Analysis published this week by the Wall Street Journal, showing that short sellers got their heads handed to them so far this year, elicits neither pity nor pleasure in these quarters. The stocks that brought shorts the most grief, according to the Journal analysis, seem from here to be momentum plays. And in some cases the shorts may be right, long-term, but were simply ahead of their time in this nutty 2013 bull market (this week’s slide, aside).
NASDAQ:TSLA data by YCharts
One can understand the shorts’ wanting to drill these stocks into the ground. They’re money losers, collectively, offering a fabulous (or at least swell) service or product, but largely unproven as businesses. Their founders and initial investors are getting wealthy (at least on paper, and they often preen about their success), which would tend to make a hard-working short seller envious.
So, short seller vs. hot-stock promoter, it’s a fair fight, right?
It seems less a fair fight when the shorts pile onto some poor, worn-out, struggling old company that’s doing an admirable job of surviving. And thus we were cheered to see the likes of R.R. Donnelley & Sons (RRD), also heavily shorted when the year began, inflicting some pain on traders who bet against the company.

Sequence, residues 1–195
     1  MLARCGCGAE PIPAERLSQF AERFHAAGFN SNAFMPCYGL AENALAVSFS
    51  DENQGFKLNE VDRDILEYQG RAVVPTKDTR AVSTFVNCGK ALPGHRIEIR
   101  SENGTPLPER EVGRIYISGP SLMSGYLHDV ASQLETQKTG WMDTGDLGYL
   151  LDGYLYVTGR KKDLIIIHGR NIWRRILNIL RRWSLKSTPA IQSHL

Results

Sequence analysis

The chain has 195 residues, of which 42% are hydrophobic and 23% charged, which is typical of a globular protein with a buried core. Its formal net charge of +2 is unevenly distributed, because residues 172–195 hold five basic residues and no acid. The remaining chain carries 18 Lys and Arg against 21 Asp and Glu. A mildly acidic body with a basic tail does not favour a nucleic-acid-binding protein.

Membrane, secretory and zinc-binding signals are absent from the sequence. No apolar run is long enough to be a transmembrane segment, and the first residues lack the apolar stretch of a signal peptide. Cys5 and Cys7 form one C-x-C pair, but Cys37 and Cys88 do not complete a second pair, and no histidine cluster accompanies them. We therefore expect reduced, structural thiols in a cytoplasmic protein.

NASDAQ:RRD data by YCharts
We wrote with mild praise of Donnelley stock in early 2012. (We’re not bragging, given our wrong calls on other stocks.) But what we observed then, and now, was a printing company (is there anything more disdained by the young and the brash than ink on paper?) managing to survive, and dole out a hefty dividend yield, through cost cutting and strategic acquisitions. Whether Donnelley makes it long-term or not is beyond our view, but our guess is that managing the company takes a good deal more nerve and grit than running Yelp.
We’re not proposing that shorts lay off any companies – don’t be so literal minded in reading this piece, please. But taking on highflyers makes for great drama and seems only fair. Targeting the sick and the weak, especially those employing tens of thousands, isn’t very sporting.
Jeff Bailey, The Editor of YCharts, is a former reporter, editor and columnist at the Wall Street Journal and New York Times. He can be reached at firstname.lastname@example.org. Read the RIABiz profile of YCharts. You can also request a demonstration of YCharts Platinum.